hfftn

paddle.fft. hfftn ( x, s=None, axes=None, norm='backward', name=None ) [source]

Compute the N-D FFT of Hermitian symmetric complex input, i.e., a signal with a real spectrum.

This function calculates the n-D discrete Fourier transform of Hermite symmetric complex input on any axis in M-D array by fast Fourier transform (FFT). In other words, ihfftn(hfftn(x, s)) == x is within the numerical accuracy range. (``s here are x.shape and s[-1] = x.shape[- 1] * 2 - 1. This is necessary for the same reason that irfft` requires ``x.shape.)

Parameters
  • x (Tensor) – The input data. It’s a Tensor type.

  • s (sequence of ints, optional) – The length of the output transform axis. (s[0] refers to axis 0, s[1] to axis 1, etc.). s is also the number of input points used along this axis, except for the last axis, where s[-1]//2+1 points of the input are used. Along any axis, if the shape indicated by s is smaller than that of the input, the input is cropped. If it is larger, the input is padded with zeros. If s is not given, the shape of the input along the axes specified by axes is used. Except for the last axis which is taken to be 2*(k-1) where k is the length of the input along that axis.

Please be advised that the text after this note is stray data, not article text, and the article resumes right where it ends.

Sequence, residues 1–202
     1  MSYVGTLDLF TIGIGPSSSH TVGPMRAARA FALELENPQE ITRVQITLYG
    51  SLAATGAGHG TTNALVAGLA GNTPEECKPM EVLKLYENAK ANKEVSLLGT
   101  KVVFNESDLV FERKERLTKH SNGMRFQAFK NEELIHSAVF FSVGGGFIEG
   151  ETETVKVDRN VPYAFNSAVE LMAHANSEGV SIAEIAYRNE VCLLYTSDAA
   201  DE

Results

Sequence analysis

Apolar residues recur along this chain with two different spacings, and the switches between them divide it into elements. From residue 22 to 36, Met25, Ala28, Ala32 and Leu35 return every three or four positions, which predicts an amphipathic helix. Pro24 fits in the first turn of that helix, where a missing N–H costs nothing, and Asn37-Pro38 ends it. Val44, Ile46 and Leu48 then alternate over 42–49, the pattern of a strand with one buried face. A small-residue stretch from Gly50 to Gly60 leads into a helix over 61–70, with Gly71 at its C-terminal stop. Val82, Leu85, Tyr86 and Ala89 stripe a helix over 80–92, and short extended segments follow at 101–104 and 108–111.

• axes (sequence of ints, optional) – Axes over which to compute the inverse FFT. If not given, the last len(s) axes are used, or all axes if s is also not specified.

  • norm (str, optional) – Indicates which direction to scale the forward or backward transform pair and what normalization factor to use. The parameter value must be one of “forward” or “backward” or “ortho”. Default is “backward”.

  • name (str, optional) – The default value is None. Normally there is no need for user to set this property. For more information, please refer to Name.

Returns

Real tensor. Truncate or zero fill input, transforming along the axis indicated by axis or a combination of s or X.

Examples

import paddle

x = paddle.to_tensor([(2+2j), (2+2j), (3+3j)])
hfftn_x = paddle.fft.hfftn(x)
print(hfftn_x)
# Tensor(shape=[4], dtype=float32, place=Place(cpu), stop_gradient=True,
#        [ 9.,  3.,  1., -5.])